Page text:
Peanuts

Peanuts are legumes, not nuts. So they fix nitrogen on their roots similar to beans and peas. The peanut plant is unusual because it flowers above ground but the peanut grows below ground. They are a novelty plant in the North but are a main  crop in many southern areas. Jumbo Virginia is the most popular large-podded variety, while the Spanish variety is famous for it’s small, sweet nuts. Peanut varieties can be classified by growth habit (bunch or runner) and nut type (Virginia or Spanish). Virginia types are large podded and usually contain 1 or 2 large kernels per pod. Spanish types are smaller podded and contain 2 or 3 small kernels per pod. The larger varieties will require a growing season of at least 120 days. Peanuts grow best in loose, well-drained soils. Avoid poorly drained, clay type soils. Before planting, be sure your ground is well worked and free of stones. Peanuts require a slightly alkaline soil, so work in some limestone if your soil is on the acid side. They are also heavy feeders, so add a layer of well rotted manure or compost the soil before you till. Plant peanuts after the danger of frost is past. Southern gardeners have the luxury of waiting up to two weeks after their last frost date to let the soil warm up. But us northern types may want to warm the soil with black plastic. Just be sure to remove the plastic when the plants start to flower. If you want to inoculate your peanuts with a nitrogen-fixing bacteria, you’ll need to buy a special peanut inoculant. Peanuts require a soil  temperature of 65°F (18°C) for germination. Sow peanut seeds 1 to 1 1/2 inches deep and 6 to 8 inches apart. Row spacing for bunch types should be 24 inches and 36 inches for runner types. If you like you can start seeds in pots four to six weeks before your last frost date. However they do not transplant well, so slip the plant very carefully from the pot without disturbing the roots. The flowering and fruiting of peanut plants are very interesting. After pollination a small shoot forms at the base of each flower and pushes into the soil. (See why there can be no barriers between the plant and the soil) The process is called "pegging". The "peg" develops into a mature peanut pod by season's end. The fruit mature in 9 to 10 weeks with favorable temperatures and moisture conditions. Since the peanut plant flowers over several weeks, all the pods do not mature at the same time. Cultivate the soil around peanut plants to control weeds and to keep the soil loose so the pegs can easily penetrate the soil surface. Cultivate shallowly to prevent damage to the peanut roots. Stop cultivation in the immediate vicinity of the plants when the pegs begin to penetrate into the soil. A two inch layer of mulch should be placed around plants in early June to control weeds. Any weeds that do appear can be hand pulled.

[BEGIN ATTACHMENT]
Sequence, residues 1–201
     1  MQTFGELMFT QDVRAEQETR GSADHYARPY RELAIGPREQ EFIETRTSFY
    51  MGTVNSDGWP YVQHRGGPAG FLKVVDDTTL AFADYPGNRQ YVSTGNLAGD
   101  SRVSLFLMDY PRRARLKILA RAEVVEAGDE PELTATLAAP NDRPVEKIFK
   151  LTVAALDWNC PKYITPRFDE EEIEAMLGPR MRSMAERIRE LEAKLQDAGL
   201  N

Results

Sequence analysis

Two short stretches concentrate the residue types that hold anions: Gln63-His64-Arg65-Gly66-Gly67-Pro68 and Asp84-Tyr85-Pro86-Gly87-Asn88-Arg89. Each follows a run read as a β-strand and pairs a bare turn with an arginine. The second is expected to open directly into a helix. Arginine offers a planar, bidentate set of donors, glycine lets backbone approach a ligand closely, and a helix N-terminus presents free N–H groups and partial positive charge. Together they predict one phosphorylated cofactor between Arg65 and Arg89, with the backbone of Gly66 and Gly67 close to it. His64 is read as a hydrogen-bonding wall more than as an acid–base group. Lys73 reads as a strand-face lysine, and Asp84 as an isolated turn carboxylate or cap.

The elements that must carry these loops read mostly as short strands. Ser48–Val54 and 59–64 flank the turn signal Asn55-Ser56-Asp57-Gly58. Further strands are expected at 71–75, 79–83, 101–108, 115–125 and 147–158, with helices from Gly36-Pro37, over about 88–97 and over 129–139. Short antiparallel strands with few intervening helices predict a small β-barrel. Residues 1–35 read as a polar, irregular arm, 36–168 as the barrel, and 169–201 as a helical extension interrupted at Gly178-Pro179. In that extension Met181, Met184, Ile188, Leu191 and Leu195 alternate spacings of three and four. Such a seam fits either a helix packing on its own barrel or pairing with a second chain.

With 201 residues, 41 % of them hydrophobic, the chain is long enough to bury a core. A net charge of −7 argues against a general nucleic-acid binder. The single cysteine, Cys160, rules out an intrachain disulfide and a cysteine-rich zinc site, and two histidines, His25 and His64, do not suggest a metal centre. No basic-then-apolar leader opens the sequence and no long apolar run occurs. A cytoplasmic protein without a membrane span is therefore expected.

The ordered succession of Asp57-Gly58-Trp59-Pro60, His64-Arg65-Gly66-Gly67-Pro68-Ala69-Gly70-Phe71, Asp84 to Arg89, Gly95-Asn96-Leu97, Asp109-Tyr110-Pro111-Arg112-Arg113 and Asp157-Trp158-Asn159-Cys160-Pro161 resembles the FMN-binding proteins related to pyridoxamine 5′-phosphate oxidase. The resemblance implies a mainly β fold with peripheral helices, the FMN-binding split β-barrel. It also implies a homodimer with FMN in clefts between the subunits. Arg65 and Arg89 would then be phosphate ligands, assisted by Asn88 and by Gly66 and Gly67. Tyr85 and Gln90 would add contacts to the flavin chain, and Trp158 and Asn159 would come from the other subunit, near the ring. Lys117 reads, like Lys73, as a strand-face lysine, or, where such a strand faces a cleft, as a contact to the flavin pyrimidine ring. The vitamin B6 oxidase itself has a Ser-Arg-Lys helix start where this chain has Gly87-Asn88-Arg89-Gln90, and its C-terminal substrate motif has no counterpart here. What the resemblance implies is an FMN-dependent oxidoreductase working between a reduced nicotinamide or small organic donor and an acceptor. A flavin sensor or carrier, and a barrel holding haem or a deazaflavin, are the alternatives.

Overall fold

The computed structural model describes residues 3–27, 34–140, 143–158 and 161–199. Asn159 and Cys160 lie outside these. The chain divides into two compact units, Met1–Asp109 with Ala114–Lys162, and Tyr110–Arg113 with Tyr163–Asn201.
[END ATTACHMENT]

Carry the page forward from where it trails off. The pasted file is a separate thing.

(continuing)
Keep plants moist at all times. Mound the soil around the plants after flowering. This loose soil mounded around the peanut plants will aid the pollinated flowers in pegging into the soil, to develop into peanuts. Peanuts should be fertilized about two times per crop with a good organic fertilizer Apply at planting time and 3-4 weeks later. Also peanuts need extra calcium at flowering time so you might try spreading a little gypsum around the plants. Harvest the peanuts when the foliage begins to yellow in late summer or early fall. Dig up the plants with a spading fork and carefully shake off the loose soil. Cure the peanuts by hanging the plants in a warm, dry shed or garage. Beware of mice. After the plants have dried for 1 or 2 weeks, shake off any remaining soil and pull the peanut pods from the plants. Continue to air dry the peanuts for an additional 1 or 2 weeks. Once dried, place the peanuts in mesh bags and store them in cool, well-ventilated place until roasted or boiled. You can boil and freeze them as well. Prepare a brine solution of 1 cup salt per gallon of water. Bring this solution to a boil. Add the peanuts, cover the vessel and boil for 45 minutes or until kernels are tender. Drain and cool. Package in freezer containers. Seal and freeze. To serve, simply thaw the peanuts. Make peanut butter, peanut butter can be safely processed in a water bath canner for 60 minutes in pint or half-pint jars.  However, it is not very practical. It would be easier to simply grind peanuts into peanut butter as needed and store the product in the refrigerator. Peanuts can be dried shelled or unshelled. Spread in single layer and dry at 130ºF. Peanuts are dry when their shells have hardened to a brittle state. Crack one. The nut meat should be tender, but not shriveled. To roast peanuts in the shell, place them in a shallow pan at 300ºF for 30 to 40 minutes. If they are shelled, roast them for 20 to 25 minutes and stir frequently to prevent scorching. If you are going to save some peanut seeds to plant next year, you can store the thoroughly dry pods in an airtight jar. Then next season remove the shell, but be careful to leave the papery skin and to keep the nut whole. Split nuts won’t sprout. You can also get raw peanuts from the grocery store and plant them the same way.